Enter a search term such as “mobile analytics” or browse our content using the filters above.
That’s not only a poor Scrabble score but we also couldn’t find any results matching
Check your spelling or try broadening your search.
Sorry about this, there is a problem with our search at the moment.
Please try again later.
At a recent Econsultancy event I moderated a discussion about AI (more correctly, machine learning and deep learning) and marketing.
It became apparent that although the power of this technology is very much appreciated in a number of guises (including natural language processing, computer vision, and the processing of unstructured data for account based marketing), there is some confusion about how it applies to personalisation and segmentation.
Amazon has been using algorithms to try to sell you extra stuff for years.
But the technology to personalise merchandising, much further than recommendations, is advancing rapidly across ecommerce.
Consumers these days are so overwhelmed with emails, posts, white papers, and articles that many have now erected a personal 'attention barrier'.
This is a mental state which protects consumers' mental resources from all of the irrelevant messages and advertisements flashed at them online.
As the old proverb goes, it's difficult to make predictions, especially about the future.
Yet as a new year starts, making predictions is part of our jobs. Priorities have to be set, budgets allocated, and resources diverted according to how things have changed over the past 12 months.
According to new research, millennials are hoping to get more from their Christmas shopping this year than just a sack full of gifts.
Salesforce’s Connected Shopper Report suggests that younger consumers are becoming increasingly demanding, with most now expecting a VIP-like experience both online and in-store.
Personalisation is one of the hottest topics in marketing; the promise of segmenting customers into 'markets of one' is alluring for any brand.
But the pushback from consumers is almost as strong. That feeling of being 'watched' may be enough for consumers to abandon a website or leave a store.
Building a successful mobile app is difficult.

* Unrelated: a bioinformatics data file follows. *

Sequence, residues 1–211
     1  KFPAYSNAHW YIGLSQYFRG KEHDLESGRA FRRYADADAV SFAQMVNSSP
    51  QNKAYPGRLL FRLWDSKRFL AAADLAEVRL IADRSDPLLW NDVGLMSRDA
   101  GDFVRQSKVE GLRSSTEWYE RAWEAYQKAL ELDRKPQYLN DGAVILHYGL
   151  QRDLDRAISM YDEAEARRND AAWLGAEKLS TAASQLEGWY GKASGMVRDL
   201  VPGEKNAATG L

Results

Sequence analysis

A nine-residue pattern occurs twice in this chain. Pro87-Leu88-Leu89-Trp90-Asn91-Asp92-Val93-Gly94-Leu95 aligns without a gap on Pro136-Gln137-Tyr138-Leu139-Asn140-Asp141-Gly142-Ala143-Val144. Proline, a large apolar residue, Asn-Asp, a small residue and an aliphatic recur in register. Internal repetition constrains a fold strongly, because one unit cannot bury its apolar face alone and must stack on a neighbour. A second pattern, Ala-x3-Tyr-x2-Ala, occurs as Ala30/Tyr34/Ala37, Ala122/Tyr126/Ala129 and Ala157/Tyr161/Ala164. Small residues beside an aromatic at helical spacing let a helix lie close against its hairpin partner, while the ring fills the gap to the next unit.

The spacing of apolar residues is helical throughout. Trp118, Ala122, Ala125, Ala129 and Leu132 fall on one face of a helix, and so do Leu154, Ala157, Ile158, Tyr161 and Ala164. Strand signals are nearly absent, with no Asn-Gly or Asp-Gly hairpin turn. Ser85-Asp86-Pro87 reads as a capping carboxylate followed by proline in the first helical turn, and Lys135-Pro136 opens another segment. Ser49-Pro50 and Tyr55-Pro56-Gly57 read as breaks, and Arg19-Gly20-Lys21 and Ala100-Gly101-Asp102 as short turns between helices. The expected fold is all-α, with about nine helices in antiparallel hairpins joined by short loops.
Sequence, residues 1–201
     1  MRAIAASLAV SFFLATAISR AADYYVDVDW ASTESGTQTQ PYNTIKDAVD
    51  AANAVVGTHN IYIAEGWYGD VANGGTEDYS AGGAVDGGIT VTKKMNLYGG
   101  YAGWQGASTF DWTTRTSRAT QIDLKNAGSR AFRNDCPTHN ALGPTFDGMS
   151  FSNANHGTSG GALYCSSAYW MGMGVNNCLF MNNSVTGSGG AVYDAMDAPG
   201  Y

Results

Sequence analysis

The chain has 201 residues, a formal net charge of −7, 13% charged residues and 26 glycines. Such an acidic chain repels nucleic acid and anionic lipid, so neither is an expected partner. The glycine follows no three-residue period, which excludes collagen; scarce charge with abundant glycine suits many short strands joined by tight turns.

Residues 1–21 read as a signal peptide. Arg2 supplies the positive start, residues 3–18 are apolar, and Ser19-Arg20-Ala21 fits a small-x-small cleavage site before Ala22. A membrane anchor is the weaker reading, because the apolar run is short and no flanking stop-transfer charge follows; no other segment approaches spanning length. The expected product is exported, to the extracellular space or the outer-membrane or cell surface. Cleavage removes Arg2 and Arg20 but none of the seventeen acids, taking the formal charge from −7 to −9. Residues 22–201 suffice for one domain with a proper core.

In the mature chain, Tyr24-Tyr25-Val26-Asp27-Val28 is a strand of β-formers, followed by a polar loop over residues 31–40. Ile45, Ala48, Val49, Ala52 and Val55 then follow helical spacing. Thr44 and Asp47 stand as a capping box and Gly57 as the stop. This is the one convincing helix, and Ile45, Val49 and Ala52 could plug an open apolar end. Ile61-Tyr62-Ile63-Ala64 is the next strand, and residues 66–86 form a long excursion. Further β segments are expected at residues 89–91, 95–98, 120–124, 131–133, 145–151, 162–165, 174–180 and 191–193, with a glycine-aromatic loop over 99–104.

Companies spend significant amounts driving consumers to install their apps, and by some estimates, apps that aren't opened for a second time within the first 12 hours after download can see churn exceeding 50% in some categories.
According to researchers at Stanford, highly targeted ads may not be all they're cracked up to be.
Based on a mathematical model they built based on game theory, the researchers instead suggest that advertisers "prefer to remain in a state of partial willful ignorance so as to preserve communication credibility."
Atom Bank is the UK's first bank designed for digital and optimised for mobile.
Lisa Wood, CMO, is speaking at Econsultancy's excellent Future of Digital Marketing conference next month.
We caught up with her for a preview, picking her brain on the merits of a branchless and legacy-free, online bank.
This year it's the 10th anniversary of Econsultancy's Email Marketing Industry Census, in association with Adestra.
Subscribers can download the full census but first let's look at three key charts from the report.
We often discuss the state of display ads on this blog, sadly it is not always in the most positive light, and it seems the majority of marketers agree with us. But there is hope for a better approach.
Sixty-six percent of brand marketers and media buyers in Australia surveyed in our recent People-Based Advertising report either agree or strongly agree that the current model for display advertising is broken, and only 12% disagree that it is.
In the recent Econsultancy/Adobe Quarterly Digital Intelligence briefing, 25% of companies said they placed most emphasis on "making our experience as personalised and relevant as possible" in terms of improving the overall customer experience.